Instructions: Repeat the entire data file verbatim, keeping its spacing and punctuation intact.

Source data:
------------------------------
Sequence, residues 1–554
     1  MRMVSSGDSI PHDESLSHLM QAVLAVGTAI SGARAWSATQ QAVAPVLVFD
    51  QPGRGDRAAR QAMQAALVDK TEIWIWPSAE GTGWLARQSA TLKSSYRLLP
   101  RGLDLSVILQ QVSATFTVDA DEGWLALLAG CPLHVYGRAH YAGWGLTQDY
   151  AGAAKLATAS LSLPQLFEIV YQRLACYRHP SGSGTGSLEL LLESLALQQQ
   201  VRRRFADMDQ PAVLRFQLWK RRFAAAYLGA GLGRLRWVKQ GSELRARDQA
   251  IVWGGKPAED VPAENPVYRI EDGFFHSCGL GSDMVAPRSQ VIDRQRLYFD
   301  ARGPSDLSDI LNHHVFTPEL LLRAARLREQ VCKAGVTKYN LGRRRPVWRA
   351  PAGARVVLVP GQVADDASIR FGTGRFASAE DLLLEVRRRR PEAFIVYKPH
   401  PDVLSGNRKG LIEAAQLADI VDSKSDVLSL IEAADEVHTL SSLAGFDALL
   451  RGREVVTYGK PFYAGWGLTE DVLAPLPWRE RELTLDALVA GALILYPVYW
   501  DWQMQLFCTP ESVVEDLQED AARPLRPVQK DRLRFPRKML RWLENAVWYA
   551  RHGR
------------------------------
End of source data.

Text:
Sequence, residues 1–554
     1  MRMVSSGDSI PHDESLSHLM QAVLAVGTAI SGARAWSATQ QAVAPVLVFD
    51  QPGRGDRAAR QAMQAALVDK TEIWIWPSAE GTGWLARQSA TLKSSYRLLP
   101  RGLDLSVILQ QVSATFTVDA DEGWLALLAG CPLHVYGRAH YAGWGLTQDY
   151  AGAAKLATAS LSLPQLFEIV YQRLACYRHP SGSGTGSLEL LLESLALQQQ
   201  VRRRFADMDQ PAVLRFQLWK RRFAAAYLGA GLGRLRWVKQ GSELRARDQA
   251  IVWGGKPAED VPAENPVYRI EDGFFHSCGL GSDMVAPRSQ VIDRQRLYFD
   301  ARGPSDLSDI LNHHVFTPEL LLRAARLREQ VCKAGVTKYN LGRRRPVWRA
   351  PAGARVVLVP GQVADDASIR FGTGRFASAE DLLLEVRRRR PEAFIVYKPH
   401  PDVLSGNRKG LIEAAQLADI VDSKSDVLSL IEAADEVHTL SSLAGFDALL
   451  RGREVVTYGK PFYAGWGLTE DVLAPLPWRE RELTLDALVA GALILYPVYW
   501  DWQMQLFCTP ESVVEDLQED AARPLRPVQK DRLRFPRKML RWLENAVWYA
   551  RHGR